http://cne.gmu.edu/~sreddiva/bconcepts.html

ATM Routing: ATM is a connection oriented mode. The header values(i.e. VCI and VPI etc.) are assigned during the connection set up phase and translated when switched from one section to other. Signaling information is carried on a separate virtual channel than the user information. In routing, there are two types of connections i.e. Virtual channel connection (VCC) and Virtual path connection (VPC). A VPC is an aggregate of VCRs. Switching on cells is first done on the VPC and then on the VCC.
http://cne.gmu.edu/~sreddiva/bconcepts.html (previously cited)

The Confusion factor in Doug Wyman's observation: (and everything since)

"To insure that all types of systems from all vendors can communicate, TCP/IP is absolutely standardized on the LAN. However, larger networks based on long distances and phone lines are more volatile. In the US, many large corporations would wish to reuse large internal networks based on IBM's SNA. In Europe, the national phone companies traditionally standardize on X.25. However, the sudden explosion of high-speed microprocessors, fiber optics, and digital phone systems has created a burst of new options: ISDN, frame relay, FDDI, Asynchronous Transfer Mode (ATM). New technologies arise and become obsolete within a few years. With cable TV and phone companies competing to build the National Information Superhighway, no single standard can govern citywide, nationwide, or worldwide communications.
http://pclt.cis.yale.edu/pclt/COMM/TCPIP.HTM (previously cited, emphasis mine)

So, (finally) it seems to me that the ORIGINAL article in the Drip Port was almost certainly referring to the network ENRON uses internally and perhaps to the network over which it will receive and process their bandwidth marketing orders. There is no such thing (to my knowledge) as IP bandwidth. IP is an end-node-to-end-node protocol that can be (and is) transmitted over a number of different types of networks specifically including ATM. The protocol ENRON uses internally or to process the information coincident to the execution of their plan to make a market in available bandwidth is of no particular importance to the success or failure of their business model (at this point) and is almost certainly IP. Further, additional protocols such as OSPF, Hop-Count and EIGRP already 'look' for the shortest (or least congested) path for IP traffic further adding to my conclusion that there is a basic misunderstanding of the relationship between IP, bandwidth caching, and ENRON.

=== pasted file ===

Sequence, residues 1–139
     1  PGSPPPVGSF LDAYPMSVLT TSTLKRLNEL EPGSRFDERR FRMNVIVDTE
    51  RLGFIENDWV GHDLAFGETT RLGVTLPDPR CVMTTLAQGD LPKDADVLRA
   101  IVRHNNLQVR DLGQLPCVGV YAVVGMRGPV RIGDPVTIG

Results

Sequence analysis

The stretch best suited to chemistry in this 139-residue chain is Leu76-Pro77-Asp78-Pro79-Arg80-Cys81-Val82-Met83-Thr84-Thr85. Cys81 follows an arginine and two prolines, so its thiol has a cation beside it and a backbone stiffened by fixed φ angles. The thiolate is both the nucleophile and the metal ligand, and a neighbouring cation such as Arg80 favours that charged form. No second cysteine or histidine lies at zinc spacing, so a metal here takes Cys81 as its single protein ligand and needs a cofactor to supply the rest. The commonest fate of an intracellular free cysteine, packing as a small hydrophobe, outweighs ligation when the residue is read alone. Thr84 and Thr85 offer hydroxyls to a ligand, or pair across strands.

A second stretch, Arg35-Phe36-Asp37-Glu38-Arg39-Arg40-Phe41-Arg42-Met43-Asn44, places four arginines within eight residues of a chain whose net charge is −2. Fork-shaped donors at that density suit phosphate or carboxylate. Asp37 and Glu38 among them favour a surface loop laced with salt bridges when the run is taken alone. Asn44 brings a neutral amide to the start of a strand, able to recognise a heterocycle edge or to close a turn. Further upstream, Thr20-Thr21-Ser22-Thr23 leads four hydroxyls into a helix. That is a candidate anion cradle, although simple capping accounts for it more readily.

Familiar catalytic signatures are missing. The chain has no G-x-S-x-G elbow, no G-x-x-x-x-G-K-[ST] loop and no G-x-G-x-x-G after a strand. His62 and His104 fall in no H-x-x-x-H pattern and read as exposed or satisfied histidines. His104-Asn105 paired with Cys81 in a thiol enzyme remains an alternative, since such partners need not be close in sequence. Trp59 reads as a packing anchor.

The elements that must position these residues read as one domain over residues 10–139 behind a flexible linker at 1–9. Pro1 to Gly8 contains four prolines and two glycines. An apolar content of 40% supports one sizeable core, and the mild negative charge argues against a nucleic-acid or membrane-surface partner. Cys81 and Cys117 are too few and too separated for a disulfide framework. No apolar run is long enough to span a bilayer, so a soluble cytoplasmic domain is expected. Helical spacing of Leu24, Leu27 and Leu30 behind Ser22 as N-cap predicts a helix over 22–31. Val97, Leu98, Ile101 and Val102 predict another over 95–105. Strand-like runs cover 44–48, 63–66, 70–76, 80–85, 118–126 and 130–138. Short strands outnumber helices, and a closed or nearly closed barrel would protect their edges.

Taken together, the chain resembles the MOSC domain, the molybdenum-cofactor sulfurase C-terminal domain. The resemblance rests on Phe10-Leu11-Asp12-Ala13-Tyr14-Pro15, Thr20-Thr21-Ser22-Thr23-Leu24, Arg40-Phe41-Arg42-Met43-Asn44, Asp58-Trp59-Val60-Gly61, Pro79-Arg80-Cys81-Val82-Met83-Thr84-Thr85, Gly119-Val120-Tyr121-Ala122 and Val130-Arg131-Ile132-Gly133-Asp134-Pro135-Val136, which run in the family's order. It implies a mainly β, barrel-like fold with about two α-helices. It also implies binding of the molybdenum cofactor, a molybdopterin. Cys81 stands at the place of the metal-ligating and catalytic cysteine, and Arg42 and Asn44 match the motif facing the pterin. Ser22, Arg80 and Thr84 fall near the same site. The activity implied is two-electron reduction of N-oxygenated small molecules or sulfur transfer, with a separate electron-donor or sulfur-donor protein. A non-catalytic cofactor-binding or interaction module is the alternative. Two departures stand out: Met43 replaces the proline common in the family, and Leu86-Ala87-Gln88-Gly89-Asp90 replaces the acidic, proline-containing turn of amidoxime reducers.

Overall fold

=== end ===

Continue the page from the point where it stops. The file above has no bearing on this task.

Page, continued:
I have a different problem with the Williams side of the equation (at least what I have been able to find of it). Is the stipulation that Williams internal network is all ATM? If so, do they own the switches and/or have exclusive access to them? If not I can pretty much promise you that there traffic sometimes gets rerouted into and out of other network technologies. Have they developed an ATM end-to-end protocol that permits end nodes to communicate across their network without using TCP/IP at the end nodes. If so they should market that, it is worth a fortune. If the contention is that Williams intends to 'make a market' only in excess ATM switch capacity that would make some sense but how does it DIFFER from ENRONS plan? I personally believe that LIMITING the market to ATM switch excess capacity would be a mistake but that is a different question all together.

I don't have a dog in this fight folks. I am not currently invested in either of theses fine companies. I am not certain that Bandwidth marketing (as valuable a play as it might well become) will have a dramatic effect on the bottom line of either of these companies unless they spin off the effort into a trading stock or other vehicle.

I hope that I have not come across as arrogant or as a know it all. I certainly do not feel like I know that much about this and I freely admit that I may be the one who is all wet here. Having done my best though to research the issue and state my questions clearly I hope someone will step forward and help clear the matter up.

Thanks,
Paul

Notes:
(1) Definitions from: http://www.matisse.net/files/glossary.html: Permission is granted to use this glossary, with credit to Matisse Enzer, for non-commercial educational purposes, provided that the content is not altered including the retention of the copyright notice and this statement.